the Polygon blog - your moisture management resource

Global Cement Consumption to Rise through 2019 & Beyond

Construction Drying

With global growth facilitating positive construction trends, cement consumption is on the rise. World Cement projected in 2016 that the market for construction aggregates would grow to 51.7 billion tons in 2019, an advancement rate of 5.2 percent annually. As residential construction and infrastructure investments dominate the market, more contractors will look to the benefits of concrete drying solutions to facilitate the meeting of project deadlines, as well as ensure the quality and performance of the aggregate materials used.

Read

5 Concrete Facts: Global Cement Production is on the Rise

Construction Drying

In fast-growing economies and emerging markets, cement is as vital as oil. The material is among the most versatile as it’s essential for infrastructure, roads and building construction. With annual revenues in the hundreds of billions of dollars, cement is also a big business. With cement production on the rise, the need for construction drying solutions will also increase to keep contractors in pace with the fast-paced market.

Read

Concrete Pavement Technology Keeps America Moving

Construction Drying

One of the simplest things to take for granted when traveling is the concrete beneath the tires. Throughout the last century, concrete has played a major role in the United States’ transportation systems, from creating new roads to repairing existing highways. The country’s highway system, including its nearly-45,000-mile interstate system, carries about 40 percent of total traffic. This figure includes 90 percent of tourist traffic and 70 percent of commercial traffic. Pairing concrete preparation with construction drying solutions is crucial to the nation’s transit infrastructure as it improves a road’s safety and minimizes disruptions to traffic.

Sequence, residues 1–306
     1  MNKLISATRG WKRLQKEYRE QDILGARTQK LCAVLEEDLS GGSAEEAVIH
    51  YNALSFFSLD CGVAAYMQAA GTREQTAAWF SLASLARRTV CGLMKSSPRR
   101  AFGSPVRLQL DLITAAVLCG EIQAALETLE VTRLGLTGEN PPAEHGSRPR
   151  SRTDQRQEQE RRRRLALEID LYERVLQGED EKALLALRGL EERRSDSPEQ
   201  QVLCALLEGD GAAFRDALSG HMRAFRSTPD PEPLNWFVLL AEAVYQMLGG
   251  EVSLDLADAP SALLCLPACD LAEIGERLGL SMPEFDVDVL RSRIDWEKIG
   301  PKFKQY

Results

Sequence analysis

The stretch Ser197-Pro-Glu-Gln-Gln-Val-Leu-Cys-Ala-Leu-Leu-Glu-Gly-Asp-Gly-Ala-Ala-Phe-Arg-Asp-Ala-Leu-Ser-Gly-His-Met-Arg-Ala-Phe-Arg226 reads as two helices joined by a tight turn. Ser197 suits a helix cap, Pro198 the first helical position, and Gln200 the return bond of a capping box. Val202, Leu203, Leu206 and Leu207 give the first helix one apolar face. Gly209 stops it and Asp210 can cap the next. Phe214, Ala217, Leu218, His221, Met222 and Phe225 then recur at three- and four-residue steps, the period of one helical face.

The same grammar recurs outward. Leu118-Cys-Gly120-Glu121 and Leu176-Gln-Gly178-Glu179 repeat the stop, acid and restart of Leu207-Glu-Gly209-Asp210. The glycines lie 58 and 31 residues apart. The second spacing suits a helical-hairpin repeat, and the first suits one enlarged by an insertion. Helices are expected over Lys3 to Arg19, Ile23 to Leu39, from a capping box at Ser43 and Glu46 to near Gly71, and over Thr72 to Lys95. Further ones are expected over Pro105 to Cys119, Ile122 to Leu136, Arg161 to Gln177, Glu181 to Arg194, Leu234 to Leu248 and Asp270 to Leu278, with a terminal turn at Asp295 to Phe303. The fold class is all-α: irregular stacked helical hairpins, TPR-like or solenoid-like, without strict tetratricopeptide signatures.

Read

Ensuring Successful Productions of Greenhouse Crops

Temporary Climate Solutions

Regions throughout the world are known for their particular crops because of their climate profiles. North America, for example, is a major producer of sugarcane, almonds and strawberries. Western Asia produces rye, barley and wheat. The Middle East grows saffron and cotton. Thanks to technological advances in horticulture and farming, crops no longer have to be limited to their native geographical locations, climates and seasons. A growing number of regions that depend on food imports are becoming more self-reliable with greenhouses that use temporary climate control solutions that mimic the conditions needed to produce a greater variety of crops. The technologies make food and other goods more abundant in regions affected by poor soil and water scarcity, and deliver seasonal crops to consumers year-round.

Read

Do Documents Decrease in Value or Credibility Once They are Scanned?

Document Scanning

Before the days of digital documents, the standards regarding what was an original document and what was a copy were clear. When it came to the legal validity of a copy or fax, an institution had to determine if the electronic record was evidence of a contract and if the signatures within it served as proof of a contact’s acceptance. When fax machines rose in popularity, few legal courts and companies accepted facsimiles with signatures as “originals” until 1995. Today, electronically transmitted documents and faxes often suffice as proof of an agreement or at least serve as interim evidence until the original is made available. Whether a scanned or electronic document is as credible or valuable as the original depends on a business’s document management procedures and the document in question.

Read